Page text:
Lawyer’s failure to explain fine print nixes deal to stay silent on Trump, ex-Playboy model says

Contracts

Karen MacDougal

Karen McDougal. Photo by Toglenn, via Wikimedia Commons.

A former Playboy model has filed a lawsuit claiming she has no obligation to stay silent about her relationship with Donald Trump because of alleged failures by her own lawyer.

The suit by former Playmate of the Year Karen McDougal says the publisher of the National Enquirer paid $150,000 to buy and bury her story about Trump, the New York Times reports. Her lawyer’s fee agreement gave him 45 percent of the total, the suit says.

McDougal says the lawyer representing her in negotiations with the publisher, American Media Inc., didn’t tell her about the contract’s fine print and had notified Trump’s lawyer about the deal, even though Trump was not a party.

AMI publishes several magazines and tabloids, including Men’s Fitness, Star, and OK magazines.The owner of AMI is close personal friends with Trump, according to the suit.

McDougal says she agreed to the deal because it included “a highly lucrative contract” guaranteeing her two magazine covers, along with weekly print and online articles. But her lawyer “failed to tell Ms. McDougal that the contract’s fine print did not actually obligate AMI to run her columns—the central feature of AMI’s promise to create ongoing positive exposure for Ms. McDougal,” the suit says.

The suit alleges that AMI was secretly negotiating to kill other negative stories for Trump. McDougal also cites a New York Times story that said AMI and her lawyer had notified Trump lawyer Michael Cohen about the deal.

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The suit seeks a declaratory judgment that the contract is void due to fraud and illegality.

McDougal was represented by Los Angeles lawyer Keith Davidson, who also represented Stormy Daniels when she signed a confidentiality agreement with Trump’s lawyer, the New York Times reports. Daniels is seeking to void a confidentiality agreement because Donald Trump didn’t sign it.

McDougal says she fired Davidson after the Wall Street Journal wrote a story about the contract, which provided “her first inkling that she had been duped.” With pro bono help from First Amendment lawyer Ted Boutrous. McDougal negotiated an amendment allowing her to respond to “legitimate press inquiries” about Trump, the suit says.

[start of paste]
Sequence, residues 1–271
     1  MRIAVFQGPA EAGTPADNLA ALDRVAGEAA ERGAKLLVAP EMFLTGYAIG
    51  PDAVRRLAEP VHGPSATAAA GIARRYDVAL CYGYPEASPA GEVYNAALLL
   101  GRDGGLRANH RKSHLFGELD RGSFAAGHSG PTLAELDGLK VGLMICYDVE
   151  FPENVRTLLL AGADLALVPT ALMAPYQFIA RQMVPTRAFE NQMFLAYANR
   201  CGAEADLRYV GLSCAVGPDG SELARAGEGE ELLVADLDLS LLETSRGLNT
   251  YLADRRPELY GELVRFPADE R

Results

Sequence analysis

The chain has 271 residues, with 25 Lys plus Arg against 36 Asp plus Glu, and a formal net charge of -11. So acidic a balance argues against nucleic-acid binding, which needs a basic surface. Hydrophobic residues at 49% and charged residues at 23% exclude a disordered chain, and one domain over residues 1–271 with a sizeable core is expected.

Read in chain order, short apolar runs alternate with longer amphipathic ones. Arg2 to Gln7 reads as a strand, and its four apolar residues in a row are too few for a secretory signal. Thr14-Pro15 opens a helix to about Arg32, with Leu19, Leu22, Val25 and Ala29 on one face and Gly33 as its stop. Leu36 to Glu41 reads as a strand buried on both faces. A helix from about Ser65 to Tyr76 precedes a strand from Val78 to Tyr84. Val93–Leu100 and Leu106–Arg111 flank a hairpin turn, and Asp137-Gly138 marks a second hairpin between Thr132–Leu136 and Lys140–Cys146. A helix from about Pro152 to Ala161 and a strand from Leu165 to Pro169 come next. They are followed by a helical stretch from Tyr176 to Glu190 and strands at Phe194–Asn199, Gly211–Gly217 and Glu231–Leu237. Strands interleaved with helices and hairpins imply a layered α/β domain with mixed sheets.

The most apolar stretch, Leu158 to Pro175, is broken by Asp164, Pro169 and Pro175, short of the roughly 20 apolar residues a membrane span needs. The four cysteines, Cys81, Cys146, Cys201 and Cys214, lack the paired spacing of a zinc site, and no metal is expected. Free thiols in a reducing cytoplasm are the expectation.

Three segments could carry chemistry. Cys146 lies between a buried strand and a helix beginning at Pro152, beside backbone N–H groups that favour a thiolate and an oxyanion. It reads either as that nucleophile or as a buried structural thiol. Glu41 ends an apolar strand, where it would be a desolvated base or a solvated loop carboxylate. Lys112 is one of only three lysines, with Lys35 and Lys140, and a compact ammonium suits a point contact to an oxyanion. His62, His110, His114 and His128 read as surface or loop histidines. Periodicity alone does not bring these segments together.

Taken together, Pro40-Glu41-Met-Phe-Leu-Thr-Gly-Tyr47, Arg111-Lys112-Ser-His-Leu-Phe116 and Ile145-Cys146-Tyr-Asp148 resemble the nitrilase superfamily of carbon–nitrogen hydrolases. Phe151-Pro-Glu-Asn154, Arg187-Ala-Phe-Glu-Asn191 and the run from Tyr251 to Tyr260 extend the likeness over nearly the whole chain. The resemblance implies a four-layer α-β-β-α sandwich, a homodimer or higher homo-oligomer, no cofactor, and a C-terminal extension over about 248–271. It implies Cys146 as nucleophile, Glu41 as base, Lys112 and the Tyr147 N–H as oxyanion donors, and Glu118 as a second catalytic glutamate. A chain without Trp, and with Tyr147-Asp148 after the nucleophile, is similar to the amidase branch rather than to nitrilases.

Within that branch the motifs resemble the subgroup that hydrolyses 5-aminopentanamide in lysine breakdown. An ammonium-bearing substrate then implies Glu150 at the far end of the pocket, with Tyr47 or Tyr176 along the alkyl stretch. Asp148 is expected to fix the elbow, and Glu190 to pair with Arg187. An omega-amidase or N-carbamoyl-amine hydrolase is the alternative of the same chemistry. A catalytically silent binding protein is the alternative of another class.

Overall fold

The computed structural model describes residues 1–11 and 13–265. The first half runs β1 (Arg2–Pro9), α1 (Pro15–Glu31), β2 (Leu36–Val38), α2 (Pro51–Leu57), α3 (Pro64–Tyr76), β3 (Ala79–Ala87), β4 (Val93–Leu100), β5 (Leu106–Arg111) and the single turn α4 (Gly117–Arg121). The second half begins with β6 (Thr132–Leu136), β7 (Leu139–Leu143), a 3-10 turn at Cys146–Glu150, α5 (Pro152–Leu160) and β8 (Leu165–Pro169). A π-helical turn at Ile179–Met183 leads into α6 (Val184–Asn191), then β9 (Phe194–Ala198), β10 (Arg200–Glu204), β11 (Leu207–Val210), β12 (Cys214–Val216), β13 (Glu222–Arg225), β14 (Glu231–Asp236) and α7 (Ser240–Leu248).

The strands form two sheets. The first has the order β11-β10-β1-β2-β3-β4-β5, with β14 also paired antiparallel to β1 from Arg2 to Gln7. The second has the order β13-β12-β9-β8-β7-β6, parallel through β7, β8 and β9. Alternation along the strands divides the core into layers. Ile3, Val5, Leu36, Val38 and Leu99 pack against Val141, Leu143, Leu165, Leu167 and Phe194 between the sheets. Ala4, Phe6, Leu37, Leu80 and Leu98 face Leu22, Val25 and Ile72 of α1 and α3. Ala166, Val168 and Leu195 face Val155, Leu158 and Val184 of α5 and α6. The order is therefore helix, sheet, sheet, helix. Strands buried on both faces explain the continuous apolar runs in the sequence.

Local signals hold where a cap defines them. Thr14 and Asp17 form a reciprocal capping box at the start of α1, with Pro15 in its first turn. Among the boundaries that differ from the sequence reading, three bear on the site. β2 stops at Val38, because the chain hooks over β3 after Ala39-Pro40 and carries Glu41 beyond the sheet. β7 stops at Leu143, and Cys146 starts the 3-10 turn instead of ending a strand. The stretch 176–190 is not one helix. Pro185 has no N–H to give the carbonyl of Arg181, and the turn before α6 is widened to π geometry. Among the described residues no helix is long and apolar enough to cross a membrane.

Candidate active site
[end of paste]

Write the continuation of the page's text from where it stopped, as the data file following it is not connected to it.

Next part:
But AMI provided a public relations team and misleading ghostwritten emails that suppressed the true story, McDougal says.

Boutrous is a lawyer with Gibson, Dunn & Crutcher. The Washington Post reported on Tuesday that Trump’s lawyers were seeking to hire Boutrous’ partner, Theodore Olson, to join the Trump legal team in the Russia investigation. Boutrous announced on Twitter that Olson rejected the proposal.

A spokesman for Davidson told the Times that Davidson “fulfilled his obligations and zealously advocated for Ms. McDougal to accomplish her stated goals at that time.” Additional comment would violate the attorney-client privilege, the statement says.


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Author: Edward Lott

Edward Lott, Ph.D., M.B.A. is president and managing partner of Allentown-based ForLawFirmsOnly Marketing, Inc., a local search and digital marketing agency that offers clients lead generation, local seo and Google Maps Domination. Ed has been a digital entrepreneur since 1994, having discovered very early the opportunities the Internet offered. After having spent over two decades helping attorneys grow their practice, Ed joined the staff of ForLawFirmsOnly Marketing as President and Managing Partner, where he is expanding the agency’s cutting-edge services to the legal market. A true marketing futurist, Ed's vast experience working directly with attorneys has given him a unique perspective on law firm marketing not found in many other digital marketing agencies. Ed has reshaped the offerings of ForLawFirmsOnly to focus on growing law firms through a holistic approach to digital marketing evident in the reformulated lead generation processes now in place. Want to learn more about ForLawFirmsOnly Marketing, their lead generation programs, or just talk to Ed about his visions for helping law firms grow? Call him at 855-943-8736.

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